From family members to freight, cargo bikes are helping city dwellers get their move on. By Susan Hollis.
It’s a touchstone of travel photography: bikes ladened down with kids, boxes and the occasional goat or chicken—the things North Americans typically stuff into cars. Things we are now starting to load onto our cargo bikes.
Although the Pacific Northwest will always be a car-dependent region, vast in its interminable roadways, the area still lends itself to two-wheeled travel. Cities like Victoria and Vancouver, British Columba, Seattle, Washington, and Portland, Oregon are moving towards improved and expanded bike lanes in their downtown cores. And cargo bikes—pedal bikes that have been extended and modified to carry all kinds of freight—are allowing residents to easily move more than what fits in a pair of pannier bags.
“Cargo biking didn’t exactly change my life, it enabled me to retain my life,” said Michelle Mark, a Victoria, mother with three young children. “The mundane becomes exciting—library time, groceries, returning empties, even going to school. Everything we do is an adventure. Plus, I don’t have to navigate busy parking lots with toddling children, because I can pull up right to the door.”
Cargo bikes are practical, and when practicality drives a movement, business is never far behind. At Victoria-based Geazone, two trike cargo bikes haul a lot of weight, notably kegs of beer.
It was a hot pizza and cool breeze that converted me to the idea. A week after we purchased a used Bakfiets—a brand of Dutch cargo bike with a long box between the handlebars and the front wheel—my husband met me at the village pub. They had stopped serving food, so he ordered a pizza and had it delivered before we left. He pedaled. I reclined in the front box with a pizza on my knees, cheese aromatics and beer-buzz lighting up the night. We cycled for hours and, as Instagram-worthy as the evening was, reality comes in the form of three kids under the age of five and a dog named Igor. The Bakfiets allowed us to sell our second car and dramatically reduce the use of our remaining vehicle, which we still avoid like the plague. When we got the bike, it occurred to me that North Americans rarely self-propel, unless for pleasure or exercise. Why not transportation?
“We deliver just about anything that will fit in our cargo boxes: office supplies, compost and recycling, dry cleaning, produce, beer,” said Shift Delivery co-founder, Robyn Ashwell, who runs her Vancouver B.C., co-op, courier company on cargo trikes. “From my observations, most of the things moving around downtown could be delivered by cargo bike or trike. I’ll often pull up behind a [delivery] truck and there will be only a few boxes that could easily fit in a trike. What are you doing downtown in this huge vehicle?”
Perhaps we should have one of these championships on the West Coast?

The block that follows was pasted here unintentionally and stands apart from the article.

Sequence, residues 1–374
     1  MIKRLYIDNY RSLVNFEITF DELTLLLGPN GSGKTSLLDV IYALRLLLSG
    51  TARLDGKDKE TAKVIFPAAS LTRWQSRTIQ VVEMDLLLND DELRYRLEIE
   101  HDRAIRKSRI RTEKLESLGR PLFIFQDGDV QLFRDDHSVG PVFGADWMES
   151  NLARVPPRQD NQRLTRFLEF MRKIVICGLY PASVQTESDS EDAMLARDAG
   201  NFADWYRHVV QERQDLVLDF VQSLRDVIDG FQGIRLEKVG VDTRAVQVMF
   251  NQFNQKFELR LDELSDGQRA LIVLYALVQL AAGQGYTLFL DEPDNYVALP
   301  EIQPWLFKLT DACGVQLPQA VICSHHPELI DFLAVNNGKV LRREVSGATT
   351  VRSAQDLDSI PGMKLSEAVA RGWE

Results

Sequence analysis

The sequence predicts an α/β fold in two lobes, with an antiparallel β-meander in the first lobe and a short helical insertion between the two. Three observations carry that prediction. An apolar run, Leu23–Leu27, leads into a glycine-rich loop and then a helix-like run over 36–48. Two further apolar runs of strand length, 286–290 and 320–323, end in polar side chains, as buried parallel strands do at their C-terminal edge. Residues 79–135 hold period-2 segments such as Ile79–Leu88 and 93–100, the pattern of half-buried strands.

Shift Delivery moves roughly 1,600 kilograms (3,527 lbs) of goods each day in the downtown core, with each bike able to carry 226 kilograms (498 Lbs). In cities that are expanding bike lanes and mandating long-term, traffic-flow restrictions, companies like Shift, Portland’s B-Line and Seattle’s Freewheel Cargo have the upper hand.
They’re practical, and when practicality drives a movement, business is never far behind. At Victoria-based Geazone, founded by four-time national champion downhill mountain biker, Andrew Mitchell, two trike cargo bikes haul a lot of weight, notably kegs of beer.
“Cargo biking didn’t exactly change my life, it enabled me to retain my life.” — Michelle Mark, mother of three in Victoria, BC
“I have seen more [cargo] bikes on the road, but I anticipate, with a lot of the new rules coming in, that we will see that number significantly increase,” said Mitchell, who also runs a fleet of electric vehicles. “Older cultures have been using them for years because it’s so cost effective. You can’t get around the numbers of human beings versus fossil fuels. It is never as efficient.”
Manufacturers are keeping up with the movement, with most bike shops carrying ready-made, cargo bikes from companies like Urban Arrow, Bakfiets, Babboe, Xtracycle and Yuba. Venice Beach, California’s punk-courier-turned-cult-bike-builder Lane Kagay, of Cetma Cargo, has been refining custom, cargo bikes for years: now he ships them all over the continent. And despite being long-committed to a child-free life, he says his experience with Cetma motivated him to reverse his vasectomy.
“Since building these cargo bikes and interacting with my clients, who are mostly young parents and families, it kind of gave my wife and I baby fever, and we’ve decided to start a family,” he said with a laugh. “Seeing how transformative they are had a really transformative effect on me. I’d say that’s a big deal.”